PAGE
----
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Teen girl pleads guilty in Nova Scotia crash that killed teen boy

A teenage girl took responsibility on April 9 for her actions in a car accident that killed a teenage boy in June 2013. The girl was driving the vehicle when the car accident happened in Richmond County.

According to police, the 16-year-old girl was driving on Smith Road on June 21, 2013, with five people in her car. All of the occupants were aged between 13 and 22. When the car crashed in Grand River, everyone inside was injured and transported to Strait Richmond Hospital. One of the passengers, a 17-year-old boy, was flown to Queen Elizabeth II Health Sciences Centre for further treatment. Only days following his transfer, he was declared deceased.

Toyota Canada recalls more than 500,000 cars

Some owners of Toyota vehicles in Nova Scotia could soon find themselves affected by the company's recently announced recall. Toyota Canada has announced that 513,401 cars spanning a variety of models will be recalled due to potential problems with their seat rails, steering columns and engine starters, among other issues. One of the models involved is a General Motors Corp. Pontiac Vibe, which was built at a factory in California that GM shares with Toyota.

Although no car accidents were reported by the time of the recall, Toyota is still recovering from the massive recalls that were announced in 2009. In March 2014, the manufacturer agreed to pay a $1.2 billion penalty in a settlement with the U.S. Justice Department that was made in connection to that event.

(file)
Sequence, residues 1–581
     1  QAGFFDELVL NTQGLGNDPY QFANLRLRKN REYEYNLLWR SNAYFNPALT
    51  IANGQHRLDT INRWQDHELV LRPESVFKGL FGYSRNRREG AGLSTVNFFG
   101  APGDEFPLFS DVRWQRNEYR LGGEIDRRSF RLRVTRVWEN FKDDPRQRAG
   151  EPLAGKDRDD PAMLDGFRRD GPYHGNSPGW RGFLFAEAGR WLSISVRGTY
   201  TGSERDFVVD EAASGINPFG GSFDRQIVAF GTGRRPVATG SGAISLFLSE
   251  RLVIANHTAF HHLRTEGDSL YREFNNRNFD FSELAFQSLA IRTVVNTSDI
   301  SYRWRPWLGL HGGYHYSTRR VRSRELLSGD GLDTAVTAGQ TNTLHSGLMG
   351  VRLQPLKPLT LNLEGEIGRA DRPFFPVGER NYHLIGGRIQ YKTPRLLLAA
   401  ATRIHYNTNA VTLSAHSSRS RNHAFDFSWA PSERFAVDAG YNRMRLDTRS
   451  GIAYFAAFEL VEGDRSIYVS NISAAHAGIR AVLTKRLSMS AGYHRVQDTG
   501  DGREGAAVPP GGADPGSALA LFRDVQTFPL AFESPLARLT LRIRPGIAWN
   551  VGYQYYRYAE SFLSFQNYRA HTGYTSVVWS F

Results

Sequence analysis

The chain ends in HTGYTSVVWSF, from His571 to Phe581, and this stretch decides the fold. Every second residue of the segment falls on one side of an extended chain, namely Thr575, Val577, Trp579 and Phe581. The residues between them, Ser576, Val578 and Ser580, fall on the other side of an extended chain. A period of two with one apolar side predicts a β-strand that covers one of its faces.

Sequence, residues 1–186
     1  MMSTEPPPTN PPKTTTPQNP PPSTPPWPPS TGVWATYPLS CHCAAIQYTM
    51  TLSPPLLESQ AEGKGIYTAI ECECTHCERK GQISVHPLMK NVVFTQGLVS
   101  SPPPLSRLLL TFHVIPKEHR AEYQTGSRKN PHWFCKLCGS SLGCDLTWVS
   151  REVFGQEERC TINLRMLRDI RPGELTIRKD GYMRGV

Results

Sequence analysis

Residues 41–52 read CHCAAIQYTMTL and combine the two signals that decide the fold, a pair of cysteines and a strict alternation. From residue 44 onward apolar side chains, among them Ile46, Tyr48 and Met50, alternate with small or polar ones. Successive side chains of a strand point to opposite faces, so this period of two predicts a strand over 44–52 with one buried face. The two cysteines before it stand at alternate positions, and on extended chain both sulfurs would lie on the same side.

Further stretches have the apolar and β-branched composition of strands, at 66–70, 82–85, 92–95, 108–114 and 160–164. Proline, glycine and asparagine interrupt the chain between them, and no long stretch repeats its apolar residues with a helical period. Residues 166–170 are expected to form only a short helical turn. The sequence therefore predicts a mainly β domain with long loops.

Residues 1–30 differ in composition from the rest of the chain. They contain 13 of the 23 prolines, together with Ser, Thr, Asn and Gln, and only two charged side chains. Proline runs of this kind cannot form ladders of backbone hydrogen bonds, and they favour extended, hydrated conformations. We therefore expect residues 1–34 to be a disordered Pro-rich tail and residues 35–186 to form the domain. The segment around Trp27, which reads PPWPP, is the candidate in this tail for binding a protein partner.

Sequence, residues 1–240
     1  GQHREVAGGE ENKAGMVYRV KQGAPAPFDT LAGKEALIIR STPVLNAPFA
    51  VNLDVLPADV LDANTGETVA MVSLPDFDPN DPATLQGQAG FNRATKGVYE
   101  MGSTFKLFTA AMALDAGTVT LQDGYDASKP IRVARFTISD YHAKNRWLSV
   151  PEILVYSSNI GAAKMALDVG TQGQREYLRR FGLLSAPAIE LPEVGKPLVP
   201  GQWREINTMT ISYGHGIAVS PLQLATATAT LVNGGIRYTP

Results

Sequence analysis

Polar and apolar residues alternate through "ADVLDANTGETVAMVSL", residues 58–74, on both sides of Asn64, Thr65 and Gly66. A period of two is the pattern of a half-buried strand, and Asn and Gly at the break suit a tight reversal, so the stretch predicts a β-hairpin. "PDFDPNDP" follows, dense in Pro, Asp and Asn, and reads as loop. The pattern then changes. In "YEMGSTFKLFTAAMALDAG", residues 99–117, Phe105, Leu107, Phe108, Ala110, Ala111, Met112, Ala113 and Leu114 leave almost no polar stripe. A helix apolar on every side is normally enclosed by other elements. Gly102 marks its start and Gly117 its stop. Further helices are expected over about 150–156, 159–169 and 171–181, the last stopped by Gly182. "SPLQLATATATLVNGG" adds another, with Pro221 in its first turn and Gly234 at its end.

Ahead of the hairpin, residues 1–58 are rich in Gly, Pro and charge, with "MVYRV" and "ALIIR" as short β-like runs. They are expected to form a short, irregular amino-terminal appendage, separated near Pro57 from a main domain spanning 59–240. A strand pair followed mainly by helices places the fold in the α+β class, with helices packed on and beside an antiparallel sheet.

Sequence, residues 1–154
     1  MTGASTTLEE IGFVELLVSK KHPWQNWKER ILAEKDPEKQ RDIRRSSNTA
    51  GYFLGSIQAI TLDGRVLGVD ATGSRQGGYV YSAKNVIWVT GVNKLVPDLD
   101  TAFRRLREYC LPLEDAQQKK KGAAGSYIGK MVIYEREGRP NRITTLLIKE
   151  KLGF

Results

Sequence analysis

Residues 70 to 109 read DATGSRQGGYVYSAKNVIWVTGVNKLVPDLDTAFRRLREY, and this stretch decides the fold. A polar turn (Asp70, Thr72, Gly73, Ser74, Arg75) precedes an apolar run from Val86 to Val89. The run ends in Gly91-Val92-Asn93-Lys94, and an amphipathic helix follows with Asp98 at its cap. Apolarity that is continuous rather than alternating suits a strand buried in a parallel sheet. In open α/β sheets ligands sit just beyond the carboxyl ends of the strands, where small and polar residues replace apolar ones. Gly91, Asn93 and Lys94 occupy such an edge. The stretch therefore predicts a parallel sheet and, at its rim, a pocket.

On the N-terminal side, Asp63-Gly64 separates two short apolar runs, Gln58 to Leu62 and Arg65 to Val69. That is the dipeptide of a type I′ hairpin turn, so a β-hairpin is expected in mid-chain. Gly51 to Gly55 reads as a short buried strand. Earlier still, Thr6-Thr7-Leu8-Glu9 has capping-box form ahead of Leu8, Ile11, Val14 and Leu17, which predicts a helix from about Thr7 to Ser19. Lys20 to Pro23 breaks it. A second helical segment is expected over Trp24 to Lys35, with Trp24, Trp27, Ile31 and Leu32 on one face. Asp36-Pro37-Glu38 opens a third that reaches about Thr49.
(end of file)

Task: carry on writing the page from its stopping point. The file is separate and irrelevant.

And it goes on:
Medical Malpractice Decision on Difference Between Battery and Informed Consent

Doctors, nurses, and other medical professionals owe their patients a duty of care. They have a legal obligation to treat a patient in a manner that meets the standard of care. Where the doctor or nurse fails to meet the standard, he or she is negligent. Where that negligence causes a patient medical harm, the doctor or nurse will be liable for damages.

Highway 101 Crash in Nova Scotia Hospitalizes 3 Women

An accident on Highway 101 sent three women to hospital on March 29. The car accident occurred on an untwinned section of the highway near Hantsport at about 3:30 p.m., causing the highway to close for more than 3 hours while investigators gathered evidence and crews cleared away debris at the scene.

The Royal Canadian Mounted Police says that a Mazda travelling east on Highway 101 appears to have lost control and crossed into the westbound lane when it collided head-on with another Mazda. The eastbound Mazda driver suffered serious injuries and was flown to QEII Hospital in Halifax where she was listed in critical condition as of March 31. The driver and passenger of the westbound Mazda were also transported to hospital with possibly non-life-threatening injuries. Police have not released the identities of the women involved in the car accident.

Possible Complications from Oxytocin Use

In a study with implications for pregnant women in Nova Scotia, researchers found that administering a drug to induce labour could cause complications for both the mother and the child. A group reviewed 74 cases over an 11-year time span and observed that the use of oxytocin could lead to difficulties in detecting abnormal fetal heart beats, unnecessary inductions and a lack of staff to watch over the mother. The related risks could lead to serious injuries or even death, and later to potential medical malpractice lawsuits.

The Canadian Medical Protective Association reported that the cases represent a tiny percentage of tens of thousands of women who are induced across the nation annually. Another serious concern is that the number of inductions is increasing. From 2012 to 2013, the induction rate was one in four in hospital births. In 1980, the rate was less than one in eight. Part of the reason for the number of increased inductions is due to advanced maternal age or other health considerations. However, some mothers and even physicians are asking for inductions for the sake of convenience.